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Thursday, July 4, 1935
THE DIVORCE |
COURT MURDER |
Bv Milton Propper
\ . M ■ ■ 1
At 3:15 on the Wednesday after
noon of June 7th, on which the law
offices of the firm of Dawson, Mac-
Quire & Locke became the scene of
a crime that was to startle Philadel
phia, and indeed the entire nation,
by its sensationalism and mystery,
six people were gathered in Mr.
Dawson's private office. Of these,
one pair sat together in deep chairs
upholstered in brown leather, off to
the right and before a long black
mahogany table. One was a man
approaching middle age, and the
other a younger, handsome, woman.
A second couple, both youngish
men, sat to the left of the table,
directly opposite the first two, and
facing them. The fifth individual
was Mr. Dawson himself; he lounged
in a swivel chair back of the table.
He thus directly confronted the sixth
person, a man, seated on the other
side of the table.
Outwardly, the gathering ap
peared peaceful and quite enough.
Yet an alert witness could have
sensed, beneath the surface, a preg
nant air of tension, an almost ex
plosive clash of human emotions,
the chief of which were a mutual
distrust and hostility.
The woman on the right was
clearly angry, though she subdued
and suppressed her resentment. Her
eyes glistened metallically, in dis
tinct menace; she compressed her
lips vindictively, and clenched her
hands in her lap until her knuckles
whitened with the pressure. Her
older companion's excitement vfys
apparent in his determined, flushed
face and vicious scowl. Beads of
sweat glistened on his wrinkled
brow, and from time to time he
wiped it nervously with a kerchief.
Of the other pair, the apparent
calm of the younger man was also
deceptive. Actually, he bent for
ward in his chair, taut and alert to
everything that transpired. The man
sitting beside him wore an expres
sion of anxiety and indignation.
Only Mr. Dawson and the sixth
person in front of him, at the table,
gave no intimation of being troubled
by the provocations swaying the
others. Judicially aloof and com-
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posed, the lawyer was well pre
served for his fifty-five years. He
had a commanding personality; his
wide forehead and clear, penetrating
eyes betokened a shrewd intellect
and a keen faculty for decision.
The man opposite him was also
middle-aged, rotund and somewhat
nearsighted, and wore glasses; he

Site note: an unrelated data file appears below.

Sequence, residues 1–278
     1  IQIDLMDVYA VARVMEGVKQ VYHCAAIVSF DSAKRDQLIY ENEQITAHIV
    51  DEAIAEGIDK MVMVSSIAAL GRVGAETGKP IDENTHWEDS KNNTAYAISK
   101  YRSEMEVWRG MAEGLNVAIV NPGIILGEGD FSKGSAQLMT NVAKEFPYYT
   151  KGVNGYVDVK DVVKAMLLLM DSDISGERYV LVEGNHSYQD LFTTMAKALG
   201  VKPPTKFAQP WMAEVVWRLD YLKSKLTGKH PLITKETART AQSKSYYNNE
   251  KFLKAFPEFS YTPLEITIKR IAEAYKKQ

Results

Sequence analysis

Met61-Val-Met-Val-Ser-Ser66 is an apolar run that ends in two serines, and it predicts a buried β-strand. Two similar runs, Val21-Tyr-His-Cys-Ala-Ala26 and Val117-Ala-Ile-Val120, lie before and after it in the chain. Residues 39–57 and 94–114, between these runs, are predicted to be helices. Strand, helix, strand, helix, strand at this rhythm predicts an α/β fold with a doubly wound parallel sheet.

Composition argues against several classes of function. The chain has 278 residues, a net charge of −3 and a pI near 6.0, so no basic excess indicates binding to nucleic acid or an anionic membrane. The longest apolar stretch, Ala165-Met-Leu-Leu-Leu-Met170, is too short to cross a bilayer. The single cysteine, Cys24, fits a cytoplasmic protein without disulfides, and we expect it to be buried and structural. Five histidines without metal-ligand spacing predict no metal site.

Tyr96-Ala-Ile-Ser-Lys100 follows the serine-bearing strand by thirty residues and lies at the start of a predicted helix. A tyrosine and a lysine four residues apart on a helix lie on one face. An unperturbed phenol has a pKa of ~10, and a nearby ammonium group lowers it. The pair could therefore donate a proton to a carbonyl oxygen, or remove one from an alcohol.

had a totally bald head, a round
owlish face, and vague, amiable
features. A notebook on the table
directly befoie him proclaimed him
a clerk of some sort.
His attention centered on a blue
typewritten pamphlet open on the
table, Mr. Dawson was speaking
slowly and deliberately.
. . about these new develop
ments in the case of Rowland vs.
Rowland," he stated, "as I under
stand them, the defense has uncovered
new evidence, since our last meet
ing, two weeks ago, so that M)r. Row
land can now produce positive
grounds for resisting his wife's libel
for a divorce. And the court has
granted him leave to amend his
answer to introduce these facts.
He looked up from his pamphlet
toward the man he addressed, the
older and less agitated of the two
men on his left, the lawyer for the
Mr. Trumbull nodded. "It is, Mr.
Master," he replied casually.
#"Then we must now consider the
significance and bearing on the case
of your claims," Mr. Dawson said.
"You are . .
The woman's companion leaned
forward suddenly and raised his
"Just a moment, Mr. Master," he
interrupted Mr. Dawson swiftly, "I
object to the introduction, by the
respondent, of any evidence im
pugning Mrs. Rowland's chastity
or the conduct of her private life."
Mr. Trumbull turned sharply and
inimically toward the speaker, as
Mr. Dawson lounged still farther
back in his sVivel chair and folded
"On what grounds, Mr. Willard?"
he inquired calmly.
"Because, Mr. Masters," Mi - . Wil
lard replied eagerly, "when Mr.
Rowland originally answered these
divorce proceedings by hig wife, he
made no suggestion of any such
evidence. Indeed, he put in no de
fense whatever. He had the oppor
tunity at the beginning of the action
to indicate how he would contest it,
in hig formal reply. Having failed
to do so, it is now too late, after I
have presented all the testimony in
Mrs. Rowland's behalf, for him or
lawyer to produce any fresh affirma
Mr. Trumbull half rose in his ex
cited appeal to the arbiter behind
"These new facts, Mr. Master,"
he declared, "occurred only since
our last meeting or they would have
been offered long ago. All this was
argued before the court last week
and decided in my favor. My client,
Allen Rowland . .
Mr. Dawson interrupted him with
a gesture. "That is correct" He
faced Mr. Willard solemnly. "Judge
Pinley heard Mr. Trumbull's motion
to change his original answer, to en
able him to present this new evi
dence before me in the respondent's
favor. You had notice of that hear
ing and were there; despite your
arguments against it at the time, the
motion was granted. I have no
power or intention, now, of recon
sidering that finding," he pro
"But the answer comes as a sur
piise against which my client has
had inadequate warning," Mr. Wil
lard protested, "it is insufficient
it fails to specify the nature of the
grounds on which Mr. Rowland
bases his defense. And it gives me
no fair chance to prepare to refute
Before the master could reply Mr
Trumbull met the objection crisply
and scornfully. '
"It complies with all the formal
requirements, Mr. Willard. It states
that his wife was also guilty of